(Any Day But) Tuesday…
If it was Tuesday, you could guarantee there was no electricity. You couldn’t iron your clothes, watch TV or turn on the lights. You’d do anything to have a portable fan blast air on your face on a crushing summer afternoon, but you couldn’t.
To this day, no one know why Tuesdays were electricity-free in the small coastal town in India where my family is from (full disclosure: I was too young to remember any of this). It mysteriously stopped one (Tues)day, and as is customary in India, nobody bothered to investigate why it stopped. Probably corruption, some uncle would offer, almost out of habit.
What may appear to be a strange and disruptive anomaly to most people was just how it was and people learned to live with it.
As a point of contrast: On Friday, July 19, 2019, a transformer explosion at the local (Madison, WI, USA) power plant caused 13,000 people to be without electricity for several hours on what turned out to be a very hot summer day. Our local response? A state of emergency was declared. Many local businesses shut down. Some government offices closed. Designated cooling stations were set up around town, and at-risk members of the community were transported to libraries and schools to be housed in air-conditioned environs.
The US has more financial resources, is more socially organized, and has clear, formal channels to deal with infrastructural problems. There is also a high level of specialization in people tasked with resolving problems when they do arise. Nothing here intuitively suggests that India has a winning hand compared to the US. But if that’s the case, why did Madison have to declare an emergency on a hot day, when the Indian summer — which in my experience is more humid and uncomfortable than just about any place I’ve been on earth — was seemingly just a minor inconvenience that everyone just adjusted to?
It's a question that I have puzzled over for years, and not just in that context. The essence of the query — why some are seemingly unaffected by change and others are destroyed by it — cuts across many dimensions of life and business, remaining preternaturally relevant in spite of the shifting sands of time.
Why are some people/organizations seemingly unaffected by change and others are destroyed by it?
As this essay series seeks to demonstrate, the confluence of recent events around Covid-19 as well as research around organizational resilience help to both illustrate and make sense of unexpected change. There are clear avenues to move forward as we prepare for what the future brings, even as the future is unfolding, and not in a way that we can easily predict.
Admittedly, there are probably several reasons for the India-US disparity I described above, ranging from architectural differences, not to mention the fact that I’m conveniently mashing a contrivance into this article to demonstrate a point. But let’s ignore all that for a minute. The part I’d like to dissect in this thought experiment is the role of America’s first-world infrastructure:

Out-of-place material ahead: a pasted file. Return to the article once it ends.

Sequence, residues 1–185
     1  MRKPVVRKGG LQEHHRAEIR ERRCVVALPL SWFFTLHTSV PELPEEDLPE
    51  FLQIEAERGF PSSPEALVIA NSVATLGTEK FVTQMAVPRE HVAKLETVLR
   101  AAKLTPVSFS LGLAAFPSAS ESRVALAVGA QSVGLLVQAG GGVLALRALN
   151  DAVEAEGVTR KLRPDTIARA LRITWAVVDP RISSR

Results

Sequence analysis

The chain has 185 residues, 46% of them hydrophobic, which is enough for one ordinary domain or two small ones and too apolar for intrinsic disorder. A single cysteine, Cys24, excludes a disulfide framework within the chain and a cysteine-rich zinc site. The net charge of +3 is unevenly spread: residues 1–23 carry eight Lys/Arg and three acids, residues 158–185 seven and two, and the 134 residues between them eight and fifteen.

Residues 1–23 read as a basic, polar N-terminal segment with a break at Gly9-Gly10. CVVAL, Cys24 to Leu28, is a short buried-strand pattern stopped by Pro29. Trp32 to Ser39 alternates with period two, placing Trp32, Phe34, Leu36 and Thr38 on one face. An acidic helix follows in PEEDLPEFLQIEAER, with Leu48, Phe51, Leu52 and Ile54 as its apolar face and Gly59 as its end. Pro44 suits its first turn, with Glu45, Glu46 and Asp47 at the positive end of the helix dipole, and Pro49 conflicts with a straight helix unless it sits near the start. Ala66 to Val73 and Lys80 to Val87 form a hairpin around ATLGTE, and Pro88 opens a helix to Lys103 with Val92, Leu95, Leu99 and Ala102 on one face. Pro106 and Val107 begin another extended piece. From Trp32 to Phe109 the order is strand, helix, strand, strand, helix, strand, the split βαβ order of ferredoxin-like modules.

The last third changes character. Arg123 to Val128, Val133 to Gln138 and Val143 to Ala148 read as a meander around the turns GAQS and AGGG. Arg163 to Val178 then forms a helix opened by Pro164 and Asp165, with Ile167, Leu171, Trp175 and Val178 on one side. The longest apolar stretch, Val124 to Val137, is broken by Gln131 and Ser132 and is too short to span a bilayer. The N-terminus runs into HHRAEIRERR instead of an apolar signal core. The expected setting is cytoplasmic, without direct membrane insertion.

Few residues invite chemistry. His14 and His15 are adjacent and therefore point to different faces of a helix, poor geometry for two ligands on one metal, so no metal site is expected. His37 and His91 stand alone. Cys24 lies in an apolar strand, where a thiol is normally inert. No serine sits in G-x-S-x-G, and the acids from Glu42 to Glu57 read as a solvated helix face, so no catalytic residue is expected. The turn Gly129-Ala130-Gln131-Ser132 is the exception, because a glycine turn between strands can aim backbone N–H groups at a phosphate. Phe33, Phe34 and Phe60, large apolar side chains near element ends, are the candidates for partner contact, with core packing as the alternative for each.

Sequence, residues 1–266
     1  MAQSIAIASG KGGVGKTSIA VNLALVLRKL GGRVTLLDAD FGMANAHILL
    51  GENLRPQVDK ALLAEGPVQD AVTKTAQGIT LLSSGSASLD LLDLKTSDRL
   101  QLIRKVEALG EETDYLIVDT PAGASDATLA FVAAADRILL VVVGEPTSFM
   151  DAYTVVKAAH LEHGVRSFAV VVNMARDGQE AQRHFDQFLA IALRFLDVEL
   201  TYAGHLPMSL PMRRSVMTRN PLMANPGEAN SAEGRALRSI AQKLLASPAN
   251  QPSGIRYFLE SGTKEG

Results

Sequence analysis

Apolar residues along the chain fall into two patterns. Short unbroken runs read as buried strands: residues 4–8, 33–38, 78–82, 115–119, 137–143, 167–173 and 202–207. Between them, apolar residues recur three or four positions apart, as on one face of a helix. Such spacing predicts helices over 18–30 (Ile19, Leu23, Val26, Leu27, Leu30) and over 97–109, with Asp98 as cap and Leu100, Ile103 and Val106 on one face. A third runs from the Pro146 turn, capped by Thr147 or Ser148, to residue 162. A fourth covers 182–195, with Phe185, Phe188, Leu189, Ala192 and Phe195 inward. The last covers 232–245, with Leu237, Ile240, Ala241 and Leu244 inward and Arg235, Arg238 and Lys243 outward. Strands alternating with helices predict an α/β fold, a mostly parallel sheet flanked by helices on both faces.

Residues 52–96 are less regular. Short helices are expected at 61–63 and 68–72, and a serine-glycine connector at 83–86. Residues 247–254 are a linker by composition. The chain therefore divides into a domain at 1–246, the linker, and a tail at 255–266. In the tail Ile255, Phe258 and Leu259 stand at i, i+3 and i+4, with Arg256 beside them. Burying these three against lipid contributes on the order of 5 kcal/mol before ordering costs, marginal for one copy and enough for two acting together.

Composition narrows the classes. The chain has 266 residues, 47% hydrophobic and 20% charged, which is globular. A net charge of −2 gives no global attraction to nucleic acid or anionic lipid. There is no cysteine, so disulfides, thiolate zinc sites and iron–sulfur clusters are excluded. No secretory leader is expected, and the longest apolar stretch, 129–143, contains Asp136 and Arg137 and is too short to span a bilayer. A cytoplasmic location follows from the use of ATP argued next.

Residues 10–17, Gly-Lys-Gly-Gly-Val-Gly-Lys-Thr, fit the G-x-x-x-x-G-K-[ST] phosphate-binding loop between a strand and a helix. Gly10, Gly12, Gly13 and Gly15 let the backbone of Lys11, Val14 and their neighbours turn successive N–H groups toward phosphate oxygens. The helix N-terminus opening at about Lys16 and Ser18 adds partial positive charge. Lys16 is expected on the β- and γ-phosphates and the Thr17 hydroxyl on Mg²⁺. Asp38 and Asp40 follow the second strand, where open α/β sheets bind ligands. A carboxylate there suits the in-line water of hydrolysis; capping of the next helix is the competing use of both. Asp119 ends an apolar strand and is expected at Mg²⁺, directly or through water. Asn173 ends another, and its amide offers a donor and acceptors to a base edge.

Observation #1: The areas of fragility in a business may be so basic you never thought to (or thought you could) safeguard them.
At the heart of the analogy is the fact that our utility infrastructure performs so flawlessly that we don’t think about it much. The only time we think about electricity is when we can’t get it. We have so much fresh, potable water that we literally go to the bathroom in it as a primary form of waste disposal. In fact, the water in our toilets goes through the same expensive purification process as the water we drink, making toilet water in the US generally more potable than tap water in India, which often comes out of contaminated wells. This isn’t necessarily a problem; however, under certain circumstances, this reality can create big problems.
On the surface, everything seems great. America doesn’t have to worry about electricity, which means we can focus on churning out those reports our boss told us to have on her desk at 9 am tomorrow, instead of worrying about how it’s too dark to see two inches past our face. We don’t need to hunt for or boil water just for a drink — we can have a refreshing sip right from the tap (or toilet if we so choose). Living the dream, as they say.
Sort of. It’s great when it works — which, to be fair, it does the vast majority most of the time. But what about when it doesn’t, like when a transformer explodes? In those situations, the average person has little recourse but to freak out and raise hell until someone who isn’t them fixes the issue. “So what?” you say, “This has worked out fine historically. New York experienced a three-day blackout in 2003 and yeah, it was weird, but the power came back and life goes on.”